Home JOHN E. MARSHALL vs. BABSON INSTITUTE & others.

356 Mass. 737

January 12, 1970

In this action of contract a judge sitting without jury found for the defendants. The case is here on a bill of exceptions of the plaintiff which recites that there was also filed a "Claim of Exceptions." However, the bill does not disclose that the plaintiff took a single exception to any "opinion, ruling, direction or judgment of the . . . [judge] rendered upon any matter of law." G. L. c. 231, Section 113. That the judge allowed a bill of exceptions does not "put life into exceptions which never existed." Herrick v. Waitt, 224 Mass. 415 , 417. Commonwealth v. MacGregor, 319 Mass. 462 , 463. No question of law has been brought to this court.

Bill of exceptions dismissed.

Home DAVID M. PALLEY & others vs. WALTER S. BAIRD & others, trustees, & others.

356 Mass. 737

January 12, 1970

The plaintiffs appeal from interlocutory decrees sustaining demurrers and allowing pleas in bar as sufficient in law, and the final decree dismissing the bill of complaint. The suit is brought by two present stockholders and a former stockholder of Baird-Atomic, Inc. (corporation). The plaintiffs allege that they bring this suit "derivatively in the right and for the benefit of the corporation and representatively in their own behalf and in behalf of all other stockholders of the Corporation" against an officer and directors of the corporation and trustees of a certain realty trust. A statement of agreed facts discloses that the plaintiff Palley, in his own behalf as a stockholder and in behalf of all other stockholders, made demand upon the corporation that it institute a suit against certain defendants relative to real estate transactions involving a lease to the corporation by the real estate trustees. By an overwhelming vote of the stockholders, over 5,200 in number, who had been duly solicited for proxies in accordance with relevant provisions of the Securities Exchange Act of 1934, the stockholders' meeting rejected the minority stockholders' proposals that such a suit be instituted. There is no showing that the stockholders acted other than reasonably and in good faith when they decided that it was not in the best interest of the corporation to prosecute the suit sought by the minority. The case is clearly within the holding of S. Solomont & Sons Trust, Inc. v. Neto England Theatres Operating Corp. 326 Mass. 99 , the language of which is pertinent to the determination of this issue and has not been modified in any sense by the adoption of G. L. c. 156B. To hold otherwise would be to introduce chaos into corporate operations.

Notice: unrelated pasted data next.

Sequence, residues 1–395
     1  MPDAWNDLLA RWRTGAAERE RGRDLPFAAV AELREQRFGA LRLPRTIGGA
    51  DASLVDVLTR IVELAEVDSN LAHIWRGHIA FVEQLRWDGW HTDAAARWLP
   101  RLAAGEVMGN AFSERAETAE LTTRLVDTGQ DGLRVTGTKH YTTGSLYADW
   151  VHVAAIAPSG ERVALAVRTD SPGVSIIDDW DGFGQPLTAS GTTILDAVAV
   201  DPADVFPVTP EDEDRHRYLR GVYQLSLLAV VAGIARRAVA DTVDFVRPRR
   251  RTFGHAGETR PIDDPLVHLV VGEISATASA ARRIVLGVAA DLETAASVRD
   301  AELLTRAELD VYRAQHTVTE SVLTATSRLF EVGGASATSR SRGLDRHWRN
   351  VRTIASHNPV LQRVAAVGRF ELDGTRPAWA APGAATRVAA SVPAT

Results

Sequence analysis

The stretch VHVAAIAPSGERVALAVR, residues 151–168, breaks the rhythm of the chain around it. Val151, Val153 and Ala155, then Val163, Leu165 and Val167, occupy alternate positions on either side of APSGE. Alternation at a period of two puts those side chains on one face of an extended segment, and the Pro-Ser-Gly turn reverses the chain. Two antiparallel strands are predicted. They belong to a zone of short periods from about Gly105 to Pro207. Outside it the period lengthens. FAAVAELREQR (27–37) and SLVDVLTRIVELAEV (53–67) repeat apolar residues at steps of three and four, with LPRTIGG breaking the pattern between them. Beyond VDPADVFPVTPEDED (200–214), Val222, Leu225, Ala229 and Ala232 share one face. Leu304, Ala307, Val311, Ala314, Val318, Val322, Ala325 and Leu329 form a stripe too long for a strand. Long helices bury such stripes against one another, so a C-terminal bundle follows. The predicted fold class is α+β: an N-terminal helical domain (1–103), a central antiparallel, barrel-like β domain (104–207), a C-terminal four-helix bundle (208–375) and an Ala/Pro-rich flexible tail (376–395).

Interlocutory decrees affirmed.

Final decree affirmed with costs.